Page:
Cornerstone Academy robotics team takes first in competition
Published: Sunday, June 8, 2014 at 5:41 p.m.
Last Modified: Sunday, June 8, 2014 at 5:41 p.m.
The Cornerstone Academy's nine-member varsity Robotics Team earned first place at the 10th annual Marine Advanced Technology Education Florida Regional Remotely Operated Vehicle Competition held in Cocoa Beach and will advance to the international competition to be held June 26-28 in Alpena, Michigan.
This year's team includes high school students from Cornerstone Academy, local homeschool students and dual-enrollment students. They are: Junior Timon Angerhofer, freshman Tirza Angerhofer, sophomore Timothy Constantin, junior Noah Goodall, freshman William Hodik, senior Andrew Maule, sophomores Pierce Tolar, sophomore Oscar Witte and freshman Carter Wyatt. Their mentor is Jeff Knack.
The international competition is funded by the National Science Foundation, the Marine Technology Society Regional Remotely Operated Vehicle Committee and other international organizations and businesses. A Remotely Operated Vehicles, or ROV, is a tethered, underwater robot-like machine used to complete tasks and solve real-world problems in underwater environments. The 2014 competition focuses on the role of ROVs in exploring and documenting shipwrecks as well as receiving information on sinkholes in the Great Lakes.
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Gainesville Toastmasters Club member Sylvia Deputy won first place in the Division G International Speech Contest held in Ocala. Anchalee Phataralaoha, of Gainesville and member of the Talking Gators Club on the University of Florida campus, won third place in the Table Topics (extemporaneous speaking) contest. Division G encompasses clubs in Alachua, Marion, Citrus and Lake Counties.
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Team VA won $250 for the Gainesville Fisher House at the Leadership Gainesville Alumni Association 5K held recently. The Gainesville Fisher House, built solely by private funding, will provide a home away from home for veterans and their families receiving care at the Malcolm Randall VA Medical Center.
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The Alachua County Farm Bureau presented Santa Fe College President Jackson Sasser with a check for $30,000 to fund scholarships for students pursuing degrees in agricultural and agriculture-related fields. The county Farm Bureau is committed to donating a total of $50,000 by 2016.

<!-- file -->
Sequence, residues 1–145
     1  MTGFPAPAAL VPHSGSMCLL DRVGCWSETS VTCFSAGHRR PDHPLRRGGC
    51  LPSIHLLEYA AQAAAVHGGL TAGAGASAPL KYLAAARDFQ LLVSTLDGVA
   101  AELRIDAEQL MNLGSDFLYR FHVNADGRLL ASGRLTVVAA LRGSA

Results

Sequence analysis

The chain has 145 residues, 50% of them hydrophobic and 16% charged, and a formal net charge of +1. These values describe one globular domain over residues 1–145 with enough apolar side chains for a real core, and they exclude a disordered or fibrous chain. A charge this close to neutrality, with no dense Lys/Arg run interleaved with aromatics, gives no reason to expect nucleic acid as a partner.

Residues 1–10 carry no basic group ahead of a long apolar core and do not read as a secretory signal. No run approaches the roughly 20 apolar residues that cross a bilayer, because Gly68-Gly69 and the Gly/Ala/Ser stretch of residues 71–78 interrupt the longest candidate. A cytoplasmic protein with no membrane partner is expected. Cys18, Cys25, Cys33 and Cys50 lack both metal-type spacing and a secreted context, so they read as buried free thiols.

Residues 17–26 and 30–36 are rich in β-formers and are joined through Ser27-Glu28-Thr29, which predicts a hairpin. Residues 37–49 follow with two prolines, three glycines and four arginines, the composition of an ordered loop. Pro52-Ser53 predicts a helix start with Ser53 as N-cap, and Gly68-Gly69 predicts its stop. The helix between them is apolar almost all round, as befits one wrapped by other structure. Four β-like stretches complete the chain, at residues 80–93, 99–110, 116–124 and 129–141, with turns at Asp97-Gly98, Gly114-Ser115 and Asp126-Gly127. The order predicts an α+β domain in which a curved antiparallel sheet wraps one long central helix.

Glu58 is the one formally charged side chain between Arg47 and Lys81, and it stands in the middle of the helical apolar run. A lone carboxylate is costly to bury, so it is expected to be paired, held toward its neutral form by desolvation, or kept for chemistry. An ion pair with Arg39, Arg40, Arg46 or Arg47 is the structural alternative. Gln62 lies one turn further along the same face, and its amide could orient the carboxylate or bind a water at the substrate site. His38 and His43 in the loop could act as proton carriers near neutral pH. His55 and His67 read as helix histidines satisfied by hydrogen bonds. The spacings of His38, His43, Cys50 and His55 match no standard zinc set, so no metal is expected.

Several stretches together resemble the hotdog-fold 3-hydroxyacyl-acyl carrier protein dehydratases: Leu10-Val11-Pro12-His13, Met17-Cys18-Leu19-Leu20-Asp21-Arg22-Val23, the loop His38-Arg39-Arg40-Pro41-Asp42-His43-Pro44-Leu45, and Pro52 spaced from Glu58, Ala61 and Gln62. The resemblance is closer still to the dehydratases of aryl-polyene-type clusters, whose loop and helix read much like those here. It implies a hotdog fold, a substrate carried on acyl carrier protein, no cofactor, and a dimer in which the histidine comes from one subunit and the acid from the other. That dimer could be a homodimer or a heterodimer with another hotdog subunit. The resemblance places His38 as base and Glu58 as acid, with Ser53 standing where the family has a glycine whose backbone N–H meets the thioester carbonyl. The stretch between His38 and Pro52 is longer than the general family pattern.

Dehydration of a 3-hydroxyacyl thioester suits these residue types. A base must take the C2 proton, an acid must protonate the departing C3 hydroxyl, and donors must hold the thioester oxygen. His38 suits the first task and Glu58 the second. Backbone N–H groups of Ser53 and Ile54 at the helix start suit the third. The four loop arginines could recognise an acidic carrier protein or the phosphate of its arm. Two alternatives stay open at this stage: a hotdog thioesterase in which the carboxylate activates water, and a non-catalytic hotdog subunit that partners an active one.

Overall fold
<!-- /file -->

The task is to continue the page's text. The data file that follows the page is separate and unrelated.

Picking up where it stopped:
Alachua County Farm Bureau, which each year provides direct scholarships totaling $25,000 to active Farm Bureau members and their children, will continue to offer those scholarships in addition to supporting the scholarship program and Santa Fe College. The farm bureau is dedicated to advocating for farmers, ranchers and rural landowners and improving the quality of rural life. It is affiliated with the Gainesville-based Florida Farm Bureau Federation.
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David Jowers, park manager of the Paynes Prairie Preserve State Park, is one of three recipients of the 2013 Jim Stevenson Resource Manager of the Year Award.
Each year, natural resource managers from the Department of Environmental Protection, the Florida Forest Service and the Florida Fish and Wildlife Conservation Commission are selected for this award, one of Florida's highest environmental honors.
Jowers, who has served the Florida Park Service for 34 years in eight different parks in four districts, manages the Paynes Prairie Preserve, as well as Price's Scrub and the Gainesville-Hawthorne Trail, covering more than 23,000 acres of state land and 16 miles of trails. He also works with his team to conduct prescribed burns to prevent devastating wildfires in the ecosystem he manages. Jowers has been instrumental in the $25 million wetland restoration project known as Sweetwater Branch Sheetflow Restoration, which will enhance 125 acres of wetlands and restore the sheetflow to nearly 1,300 acres of wetlands.
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A team of 20 University of Florida students won first place in the U.S. Environmental Protection Agency's Campus RainWorks Challenge. Their winning project was a plan on how to dramatically reduce stormwater runoff on a 67.6-acre part of campus.
Team members include landscape architecture students Adam S. McCollister, Stephanie Bou-Ghannam, Johan Bueno, Kristina Bunyi, Adrienne Campbell, Viviana Castro, Craig Handley, Mark Koenig, Kyle Passeneau, Joshua Roedell, Laura Snider, Jessica Soleyn, Christopher Stidham, Claudia Visconti, Theresa Wymer and Jordan Young; environmental engineering students Tracy Fanara and Kelsie Timpe; agricultural and biological engineering student Natalie A. Nelson; and fine arts student Mario Rodriguez.
This is the second time UF has won the U.S. Environmental Protection Agency's Campus RainWorks Challenge in the master plan category.
The challenge was created to engage college and university students in reinventing water infrastructure and developing innovative green infrastructure systems to reduce stormwater pollution and build resilience to climate change.